Nominee's position on Constitution a mystery

Nominee's position on Constitution a mystery

Nominee's position on Constitution a mystery

A law firm whose primary concerns are religious liberty and free speech hopes senators will do what is expected of them and find out where President Biden's Supreme Court nominee is on the issues.

President Biden has nominated Judge Ketanji Brown Jackson. If confirmed, she will replace retiring Justice Stephen Breyer.

Russell, Keisha (First Liberty Inst.) Russell

Attorney Keisha Russell of First Liberty Institute says the best approach would be for Jackson to simply reveal to the country during her confirmation hearing what she believes about how the Constitution should be interpreted.

"Last year in her confirmation hearing, she declined to say whether she thought that the Constitution was –quote-- 'a living document,'" Russell recalls. "When you believe that the Constitution is a living document, you can pretty much begin to twist the law to make the Constitution say whatever you like, and so you end up with rights like abortion, for example. So I think that the senators doing their due diligence to question her is the best route to demonstrate for the American people what her positions are on certain things."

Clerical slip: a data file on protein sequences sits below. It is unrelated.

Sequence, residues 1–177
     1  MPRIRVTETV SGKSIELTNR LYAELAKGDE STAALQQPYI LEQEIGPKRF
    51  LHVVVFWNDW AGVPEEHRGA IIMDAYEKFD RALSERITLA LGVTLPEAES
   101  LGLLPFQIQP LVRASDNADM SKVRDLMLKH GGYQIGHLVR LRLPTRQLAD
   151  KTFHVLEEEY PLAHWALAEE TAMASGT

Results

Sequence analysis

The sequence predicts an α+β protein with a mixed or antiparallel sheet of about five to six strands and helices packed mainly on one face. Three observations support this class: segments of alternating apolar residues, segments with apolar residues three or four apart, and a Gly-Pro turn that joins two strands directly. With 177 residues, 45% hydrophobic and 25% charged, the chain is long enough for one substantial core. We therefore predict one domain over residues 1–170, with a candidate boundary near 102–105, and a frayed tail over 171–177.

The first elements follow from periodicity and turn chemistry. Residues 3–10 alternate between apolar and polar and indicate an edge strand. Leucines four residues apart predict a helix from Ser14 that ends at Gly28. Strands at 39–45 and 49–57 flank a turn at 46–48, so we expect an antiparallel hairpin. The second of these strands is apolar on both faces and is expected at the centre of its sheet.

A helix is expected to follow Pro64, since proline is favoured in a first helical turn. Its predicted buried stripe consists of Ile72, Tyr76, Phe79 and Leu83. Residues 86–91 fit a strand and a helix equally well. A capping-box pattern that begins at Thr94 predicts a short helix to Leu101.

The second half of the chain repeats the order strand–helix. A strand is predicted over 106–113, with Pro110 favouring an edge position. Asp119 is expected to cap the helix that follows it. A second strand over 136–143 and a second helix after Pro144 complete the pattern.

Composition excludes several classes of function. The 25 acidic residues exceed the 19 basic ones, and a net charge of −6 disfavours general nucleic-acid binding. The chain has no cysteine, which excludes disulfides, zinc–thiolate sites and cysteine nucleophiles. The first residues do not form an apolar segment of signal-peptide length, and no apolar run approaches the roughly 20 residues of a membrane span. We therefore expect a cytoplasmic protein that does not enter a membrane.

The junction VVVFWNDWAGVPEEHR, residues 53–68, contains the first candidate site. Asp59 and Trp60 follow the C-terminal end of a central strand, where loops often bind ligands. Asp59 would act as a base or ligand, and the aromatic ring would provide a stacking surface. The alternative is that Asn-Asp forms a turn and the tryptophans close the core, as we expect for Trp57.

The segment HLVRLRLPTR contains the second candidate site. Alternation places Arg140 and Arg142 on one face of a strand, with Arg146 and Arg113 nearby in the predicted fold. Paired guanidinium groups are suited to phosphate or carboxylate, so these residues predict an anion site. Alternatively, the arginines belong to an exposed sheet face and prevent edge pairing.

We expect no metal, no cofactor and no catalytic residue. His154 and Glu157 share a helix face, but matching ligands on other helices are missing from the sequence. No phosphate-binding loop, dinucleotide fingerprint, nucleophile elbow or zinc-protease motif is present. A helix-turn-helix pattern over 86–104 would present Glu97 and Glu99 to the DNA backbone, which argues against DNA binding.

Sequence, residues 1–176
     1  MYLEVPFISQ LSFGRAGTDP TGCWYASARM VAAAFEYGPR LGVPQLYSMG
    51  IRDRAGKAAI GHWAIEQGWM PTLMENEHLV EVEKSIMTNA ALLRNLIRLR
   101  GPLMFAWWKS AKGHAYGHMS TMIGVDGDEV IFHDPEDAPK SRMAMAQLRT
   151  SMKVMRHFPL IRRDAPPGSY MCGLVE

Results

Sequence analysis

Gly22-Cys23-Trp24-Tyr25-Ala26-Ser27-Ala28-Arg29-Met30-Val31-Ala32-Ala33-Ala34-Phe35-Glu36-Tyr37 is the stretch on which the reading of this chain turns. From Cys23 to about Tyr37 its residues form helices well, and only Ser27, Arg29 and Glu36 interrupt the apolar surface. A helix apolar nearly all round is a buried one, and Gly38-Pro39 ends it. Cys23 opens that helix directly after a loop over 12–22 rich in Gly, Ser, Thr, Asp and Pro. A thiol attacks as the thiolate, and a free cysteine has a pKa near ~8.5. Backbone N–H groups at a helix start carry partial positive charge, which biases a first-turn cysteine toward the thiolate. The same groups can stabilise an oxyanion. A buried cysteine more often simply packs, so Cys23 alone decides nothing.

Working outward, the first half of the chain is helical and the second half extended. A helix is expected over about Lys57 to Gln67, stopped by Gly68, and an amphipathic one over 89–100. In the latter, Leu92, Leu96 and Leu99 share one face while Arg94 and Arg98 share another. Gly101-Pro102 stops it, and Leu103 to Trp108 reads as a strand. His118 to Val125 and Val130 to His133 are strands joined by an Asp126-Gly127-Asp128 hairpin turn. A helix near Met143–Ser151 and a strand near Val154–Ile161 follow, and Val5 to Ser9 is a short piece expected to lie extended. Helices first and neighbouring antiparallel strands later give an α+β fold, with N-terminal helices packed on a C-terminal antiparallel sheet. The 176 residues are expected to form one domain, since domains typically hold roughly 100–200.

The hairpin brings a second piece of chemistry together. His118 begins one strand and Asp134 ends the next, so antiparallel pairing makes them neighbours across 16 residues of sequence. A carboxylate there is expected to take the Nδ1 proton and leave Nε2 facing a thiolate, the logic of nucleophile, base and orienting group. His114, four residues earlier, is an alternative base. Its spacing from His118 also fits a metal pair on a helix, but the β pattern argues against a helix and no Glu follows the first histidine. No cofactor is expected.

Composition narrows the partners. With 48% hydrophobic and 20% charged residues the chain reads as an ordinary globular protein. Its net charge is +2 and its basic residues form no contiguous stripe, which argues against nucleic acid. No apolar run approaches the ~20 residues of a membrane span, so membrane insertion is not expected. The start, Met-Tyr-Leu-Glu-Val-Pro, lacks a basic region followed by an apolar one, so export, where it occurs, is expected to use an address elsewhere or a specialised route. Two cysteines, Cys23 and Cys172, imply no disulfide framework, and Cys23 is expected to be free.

"We think that [Judge] Jackson will not be favorable on issues of religious liberty [or] free speech – and her interpretation of those constitutional rights will be problematic for us. So, we are very concerned about it," Russell adds.

"You can certainly tell a lot about a judge based on the kind of groups that support them – and Judge Jackson has earned the praise of virtually every group in the liberal universe; that would include atheist groups and pro-abortion groups. And you know those groups are only going to support you because they think you're going to be favorable to their causes."

First Liberty is especially disturbed by Jackson's belief that schools can discriminate against students based on their speech.